Although he couldn’t possibly have known it, Joseph Harouni’s life was hanging in the balances during a 13-hour transatlantic flight from Rome to Los Angeles last July.
Ironically, Harouni — a 60-year-old architectural engineer and contractor from Encino, California — wasn’t even on the plane. Fortunately, however, his physician, a medical oncologist at a prestigious Beverly Hills medical center, was. Just a few months earlier, that same physician had diagnosed Harouni with poorly differentiated adenocarcinoma of the appendix.
By the time he received the diagnosis that February, Harouni had already completed chemotherapy treatment, but to no avail. Instead, the cancer had reached Stage IV and spread from his appendix to multiple other organs. The doctor said there was nothing more he could do.
Harouni and Susan, his wife, were stunned. With nothing but their faith in God and love for each other, the couple went home to pray and hope for a miracle.
Fast-forward four months and Harouni’s physician wasn’t the only oncologist on the plane that fateful July morning. Maheswari “Magi” Senthil, MD, a surgical oncologist at Loma Linda University Medical Center, just happened to be returning from a family vacation in Italy the same day.
Even so, the two oncologists would likely never have met had not another passenger suddenly become ill during the flight. When the flight attendant called for a doctor over the intercom, both Senthil and Harouni’s physician responded.
Senthil got there first and took charge of the case, diagnosing the woman with severe dehydration. When the flight crew produced an IV bottle filled with saline solution, Senthil asked Harouni’s physician to hold it overhead so gravity would force the liquid to flow into the passenger’s arm through an intravenous line.
While they waited, Senthil introduced herself and revealed that she is a surgical oncologist who specializes in treating peritoneal surface malignancy, a deadly form of cancer that invades the lining of the abdominal cavity and spreads through multiple organs. “Oh, my goodness!” Harouni’s physician exclaimed. “I have a patient I should send you.”
The surgical procedure Senthil mentioned involves two separate stages. In the first, cytoreductive surgery, the surgeon extirpates the tumors by removing various internal organs and the lining of the abdomen. In the second, known as hyperthermic interperitoneal chemotherapy, or HIPEC, the surgeon inserts catheters into the abdominal cavity to deliver heated chemotherapy drugs that attack the microscopic cancer cells.
Due to its complex nature, cytoreductive surgery is only offered at a few centers. Currently, only eight surgical oncologists in all of Southern California are qualified to perform the procedure.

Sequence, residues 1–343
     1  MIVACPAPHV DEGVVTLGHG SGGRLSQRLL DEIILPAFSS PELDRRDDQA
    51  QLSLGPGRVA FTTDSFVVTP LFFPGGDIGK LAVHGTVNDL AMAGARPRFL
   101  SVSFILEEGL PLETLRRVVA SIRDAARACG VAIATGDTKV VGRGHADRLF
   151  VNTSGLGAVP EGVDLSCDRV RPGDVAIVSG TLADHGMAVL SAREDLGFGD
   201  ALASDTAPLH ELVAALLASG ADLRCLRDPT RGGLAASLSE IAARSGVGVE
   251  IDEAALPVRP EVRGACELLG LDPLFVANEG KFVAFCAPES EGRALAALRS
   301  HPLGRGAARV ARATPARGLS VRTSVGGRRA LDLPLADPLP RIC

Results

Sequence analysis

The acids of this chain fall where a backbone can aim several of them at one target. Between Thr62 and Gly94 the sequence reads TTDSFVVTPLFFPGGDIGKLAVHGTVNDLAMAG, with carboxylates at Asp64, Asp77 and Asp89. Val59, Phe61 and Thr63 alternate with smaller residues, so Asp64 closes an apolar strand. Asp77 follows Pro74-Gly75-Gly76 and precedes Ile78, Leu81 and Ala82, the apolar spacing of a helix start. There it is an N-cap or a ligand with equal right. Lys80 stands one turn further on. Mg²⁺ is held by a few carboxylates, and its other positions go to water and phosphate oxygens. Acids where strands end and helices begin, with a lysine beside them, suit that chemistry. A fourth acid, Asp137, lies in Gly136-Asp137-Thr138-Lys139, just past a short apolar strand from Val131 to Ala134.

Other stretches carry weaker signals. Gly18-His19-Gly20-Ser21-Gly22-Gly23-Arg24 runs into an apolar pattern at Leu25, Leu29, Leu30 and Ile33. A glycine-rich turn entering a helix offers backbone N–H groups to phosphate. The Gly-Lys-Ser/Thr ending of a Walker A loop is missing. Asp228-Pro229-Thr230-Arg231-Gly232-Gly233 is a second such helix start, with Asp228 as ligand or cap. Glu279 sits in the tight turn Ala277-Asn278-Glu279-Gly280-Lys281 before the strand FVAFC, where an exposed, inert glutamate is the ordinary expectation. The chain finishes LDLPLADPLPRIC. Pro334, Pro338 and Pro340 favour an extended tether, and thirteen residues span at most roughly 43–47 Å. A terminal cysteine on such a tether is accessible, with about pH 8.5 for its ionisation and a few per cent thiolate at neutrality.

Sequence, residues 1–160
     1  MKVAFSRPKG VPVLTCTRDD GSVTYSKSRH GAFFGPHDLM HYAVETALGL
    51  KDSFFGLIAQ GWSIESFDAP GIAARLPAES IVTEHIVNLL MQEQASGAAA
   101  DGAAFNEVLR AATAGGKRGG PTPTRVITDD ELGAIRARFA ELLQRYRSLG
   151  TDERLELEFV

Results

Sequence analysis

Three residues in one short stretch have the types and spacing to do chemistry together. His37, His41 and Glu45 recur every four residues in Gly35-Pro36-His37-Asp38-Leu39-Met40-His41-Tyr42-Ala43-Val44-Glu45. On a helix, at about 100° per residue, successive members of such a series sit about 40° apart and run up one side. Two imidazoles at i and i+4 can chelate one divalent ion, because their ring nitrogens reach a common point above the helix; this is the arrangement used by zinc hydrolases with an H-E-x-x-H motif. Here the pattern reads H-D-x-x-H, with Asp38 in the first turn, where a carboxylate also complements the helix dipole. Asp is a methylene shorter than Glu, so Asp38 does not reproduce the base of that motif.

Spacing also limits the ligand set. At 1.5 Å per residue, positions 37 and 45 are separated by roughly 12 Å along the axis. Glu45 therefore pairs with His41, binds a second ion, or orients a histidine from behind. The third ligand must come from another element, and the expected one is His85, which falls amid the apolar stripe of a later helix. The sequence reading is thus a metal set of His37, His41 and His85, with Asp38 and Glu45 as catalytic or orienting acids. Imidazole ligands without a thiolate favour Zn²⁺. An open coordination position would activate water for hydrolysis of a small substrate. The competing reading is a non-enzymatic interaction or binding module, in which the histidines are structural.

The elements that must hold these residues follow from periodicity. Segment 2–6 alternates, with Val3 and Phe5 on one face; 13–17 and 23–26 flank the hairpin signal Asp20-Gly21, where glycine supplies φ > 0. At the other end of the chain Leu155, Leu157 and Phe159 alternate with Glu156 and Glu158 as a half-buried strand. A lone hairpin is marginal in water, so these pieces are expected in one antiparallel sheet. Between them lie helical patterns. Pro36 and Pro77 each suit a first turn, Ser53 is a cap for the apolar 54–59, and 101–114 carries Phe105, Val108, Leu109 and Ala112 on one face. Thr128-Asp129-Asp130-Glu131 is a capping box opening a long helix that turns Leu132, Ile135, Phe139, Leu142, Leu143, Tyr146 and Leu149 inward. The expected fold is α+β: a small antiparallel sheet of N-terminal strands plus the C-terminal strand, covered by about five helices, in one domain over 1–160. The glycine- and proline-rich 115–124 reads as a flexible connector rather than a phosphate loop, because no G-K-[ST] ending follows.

Fortuitously for Harouni — who had already been declined treatment at another institution — Senthil is one of the eight. “I have performed over one 100 of these procedures,” she says.
When Harouni finally got the call explaining this his physician had met a surgical oncologist on the flight home from Italy who might be able to help him, he was ready for some good news. “My wife always says it was a match made in heaven,” he notes.
Did this new revelation mean he was going to live? Had God answered their heartfelt prayers? The Harounis could hardly wait to find out. They scheduled an appointment with Senthil and made the trip to Loma Linda. It would be a huge understatement to say she impressed them immensely.
“Dr. Senthil is one of a kind,” Harouni says. “She’s courageous, compassionate, responsible . . . I can go on. She’s an unbelievable listener! Her personality and integrity give us patients the energy to go on.”
Harouni remembers that during the surgery, which took place on August 31, Senthil was attentive to Susan’s needs as well as his own. “She would come out and give my wife updates,” he says.
When Harouni finally awoke in the recovery room, Senthil leaned over to tell him she had gotten every last vestige of the cancer. “Dr. Senthil’s calmness is why I am alive,” he says.
Senthil was running a few minutes behind schedule for Harouni’s first post-op appointment. “It was one of the days when she was doing an operation,” he says. “I told her, ‘Dr. Senthil, I know you’re busy.’ She said, ‘No, no, no, no. I’m done with everything. I’m here 100 percent for you. I’m all yours.’ That meant a lot!”
More than nine months after the surgery that saved his life, Harouni is doing well. Every two months, he goes to a local hospital for a CT scan and blood test, then takes the results to Senthil for evaluation. “She told me that after a year, I should be back to normal,” he says, adding that he looks forward to returning to work.
In the meantime, he’s got plenty to do. “I like to read,” he says. “Mostly spiritual and religious learning. I’m an Orthodox Jew. Learning is my main thing, everything else is icing on the cake. I also like to travel. We’ve done a little travel here and there.”
Senthil says Harouni should start packing his bags. “We have spectacular results at Loma Linda,” she says.